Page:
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On the face of it, this is a simple enough question. But you would be surprised at how many businesses think they need PR when in fact they don’t.
I have lost count of the number of times a potential client has called us up to say, ‘We need a PR agency’. When we reply with, ‘Can you tell us why?’ they are flummoxed – they don’t know the answer. Yet they’re prepared to pay thousands in fees each month. Whilst we’d gladly take their money, we also want to do some good stuff for our fees.
So, before you go all gung-ho and speedily Google “PR agencies in Bath, Bristol or London” for example, take a few minutes to really think of some of the reasons as to why you might (or might not) need to engage a PR agency:
- Reputation management: Is the way you are perceived by your customers and peers aligned with how you would like to be? PR can be used to raise greater awareness of who you are and what you do in a way that positively influences opinion of your business or brand.
- Crisis management: Damage to your organisation’s reputation can manifest itself in many ways, from loss of trust and respect to employee abandonment and plummeting sales. PR can be used to clearly communicate your message in a way that mitigates the threat to your organisation’s reputation and regains consumer and stakeholder trust.
- Media relations: How ‘known’ are you within your sector, do you get frustrated when constantly seeing and hearing competitors quoted and interviewed in the media of most importance to you and your customers? PR can be used to get your name featured alongside your peers and position on a par (or above) them in the eyes of the people you want to do business with.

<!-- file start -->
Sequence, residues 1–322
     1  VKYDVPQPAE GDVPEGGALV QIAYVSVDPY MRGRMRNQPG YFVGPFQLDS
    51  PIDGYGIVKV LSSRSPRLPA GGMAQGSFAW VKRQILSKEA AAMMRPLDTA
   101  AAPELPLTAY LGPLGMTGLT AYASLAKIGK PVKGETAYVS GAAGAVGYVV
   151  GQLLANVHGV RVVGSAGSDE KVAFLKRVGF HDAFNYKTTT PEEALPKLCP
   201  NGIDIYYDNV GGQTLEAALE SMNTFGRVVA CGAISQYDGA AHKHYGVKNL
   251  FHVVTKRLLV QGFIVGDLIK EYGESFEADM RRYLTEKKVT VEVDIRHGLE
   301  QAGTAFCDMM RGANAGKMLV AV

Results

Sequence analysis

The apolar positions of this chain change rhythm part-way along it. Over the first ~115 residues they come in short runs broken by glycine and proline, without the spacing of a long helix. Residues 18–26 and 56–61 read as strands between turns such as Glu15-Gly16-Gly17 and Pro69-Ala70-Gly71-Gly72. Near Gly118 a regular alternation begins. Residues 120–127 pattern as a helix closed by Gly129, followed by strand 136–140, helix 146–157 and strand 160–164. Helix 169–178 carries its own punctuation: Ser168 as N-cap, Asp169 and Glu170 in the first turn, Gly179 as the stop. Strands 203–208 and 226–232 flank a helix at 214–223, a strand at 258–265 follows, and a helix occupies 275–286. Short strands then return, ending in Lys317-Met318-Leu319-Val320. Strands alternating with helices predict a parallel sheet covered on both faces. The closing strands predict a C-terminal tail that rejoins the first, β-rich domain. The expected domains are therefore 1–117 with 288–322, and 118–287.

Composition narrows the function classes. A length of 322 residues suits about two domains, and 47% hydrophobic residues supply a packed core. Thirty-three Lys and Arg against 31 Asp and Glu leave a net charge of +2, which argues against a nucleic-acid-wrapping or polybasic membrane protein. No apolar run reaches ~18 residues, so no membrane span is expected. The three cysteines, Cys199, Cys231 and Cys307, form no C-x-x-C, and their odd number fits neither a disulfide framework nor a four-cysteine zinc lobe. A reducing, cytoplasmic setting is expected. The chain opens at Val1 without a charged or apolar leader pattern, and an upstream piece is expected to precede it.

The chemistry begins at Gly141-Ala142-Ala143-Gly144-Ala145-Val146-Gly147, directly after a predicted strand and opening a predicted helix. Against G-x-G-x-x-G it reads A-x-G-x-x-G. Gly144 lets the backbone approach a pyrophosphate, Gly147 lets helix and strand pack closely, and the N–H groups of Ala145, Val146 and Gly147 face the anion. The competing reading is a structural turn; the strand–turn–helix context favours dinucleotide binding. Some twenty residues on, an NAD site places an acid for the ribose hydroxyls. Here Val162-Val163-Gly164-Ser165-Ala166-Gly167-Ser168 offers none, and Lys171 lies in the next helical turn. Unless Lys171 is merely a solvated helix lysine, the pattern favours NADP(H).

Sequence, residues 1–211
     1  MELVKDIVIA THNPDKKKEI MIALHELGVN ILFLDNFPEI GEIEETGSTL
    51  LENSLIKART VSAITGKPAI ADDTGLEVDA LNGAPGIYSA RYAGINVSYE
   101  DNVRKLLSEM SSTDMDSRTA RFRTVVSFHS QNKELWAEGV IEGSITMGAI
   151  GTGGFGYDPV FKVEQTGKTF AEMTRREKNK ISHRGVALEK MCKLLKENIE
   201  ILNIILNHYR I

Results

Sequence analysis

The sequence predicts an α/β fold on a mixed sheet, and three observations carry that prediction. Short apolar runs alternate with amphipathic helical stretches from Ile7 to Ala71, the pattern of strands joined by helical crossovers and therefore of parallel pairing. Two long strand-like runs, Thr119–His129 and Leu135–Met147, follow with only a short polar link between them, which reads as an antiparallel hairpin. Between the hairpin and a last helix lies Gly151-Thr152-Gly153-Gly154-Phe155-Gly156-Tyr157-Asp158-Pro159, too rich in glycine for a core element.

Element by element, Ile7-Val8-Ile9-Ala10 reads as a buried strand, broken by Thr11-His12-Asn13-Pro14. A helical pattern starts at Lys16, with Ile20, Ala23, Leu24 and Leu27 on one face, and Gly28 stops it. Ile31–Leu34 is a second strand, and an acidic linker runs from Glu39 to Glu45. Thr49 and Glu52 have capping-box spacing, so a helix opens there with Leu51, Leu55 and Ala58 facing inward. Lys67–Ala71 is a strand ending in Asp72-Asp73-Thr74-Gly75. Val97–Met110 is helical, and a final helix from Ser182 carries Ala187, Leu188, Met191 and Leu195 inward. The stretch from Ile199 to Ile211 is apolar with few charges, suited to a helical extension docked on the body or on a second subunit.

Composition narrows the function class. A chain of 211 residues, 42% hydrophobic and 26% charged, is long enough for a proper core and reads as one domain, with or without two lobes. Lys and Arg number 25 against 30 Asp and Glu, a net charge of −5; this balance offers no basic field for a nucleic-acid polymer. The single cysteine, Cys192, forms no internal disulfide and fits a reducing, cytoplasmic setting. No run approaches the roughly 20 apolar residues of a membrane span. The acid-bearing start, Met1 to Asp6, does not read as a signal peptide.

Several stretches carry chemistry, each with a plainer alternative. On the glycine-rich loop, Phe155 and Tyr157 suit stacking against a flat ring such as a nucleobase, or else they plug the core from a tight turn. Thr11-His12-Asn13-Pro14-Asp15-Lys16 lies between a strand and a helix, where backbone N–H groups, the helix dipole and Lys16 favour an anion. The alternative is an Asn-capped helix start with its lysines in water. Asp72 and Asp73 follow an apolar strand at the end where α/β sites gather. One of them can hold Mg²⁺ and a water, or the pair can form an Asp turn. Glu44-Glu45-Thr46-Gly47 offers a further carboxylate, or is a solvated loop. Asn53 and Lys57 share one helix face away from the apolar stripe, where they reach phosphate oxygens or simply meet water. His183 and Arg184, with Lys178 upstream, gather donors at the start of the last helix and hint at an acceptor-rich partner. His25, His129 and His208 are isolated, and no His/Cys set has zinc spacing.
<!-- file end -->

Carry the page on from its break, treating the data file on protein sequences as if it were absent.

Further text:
- Outreach: Wish you had the nation’s top journalists and editors coming to you? Keep wishing because that rarely happens, even for those super-sexy luxury brands. PR can be used to increase awareness of who you are with the most influential journalists working in the media that your market ‘hangs out’ with. So, when they’re penning their next article or scheduling interviews on the radio or TV, they know which PR agency to call for a spokesperson from your company.
- Thought leadership: Is your website focused on selling rather than sharing, and does it show how you know your arse from your elbow or are you just trying to tell the world how great you are without backing it up? PR people are great writers. They can build trust, increase your profile as a true sector expert, and create engaging copy and content in the form of articles, whitepapers, guides, and videos that boost your SEO, drives lead generation, and enhances your reputation as a go-to product or service provider.*
- Original research: Do you see yourself as an organisation that has its finger on the pulse of your sector? If so, canvass opinion. PR can be used to develop market research projects that enable businesses to effectively position themselves as leading authorities in their space. And because it is getting harder and harder for business and brands to generate media coverage, having original research at your fingertips can see you cut through the noise and be covered in the publications and websites that matter most.
If you have any questions or need a steer on your organisation’s PR, feel free to email me directly anytime: firstname.lastname@example.org
*Research conducted by Clearly and involving over 500 CEOs and MDs found that 1 in 5 people buy from a business after consuming thought leadership content that resonated with them. See full analysis here: https://www.clearlypr.co.uk/research/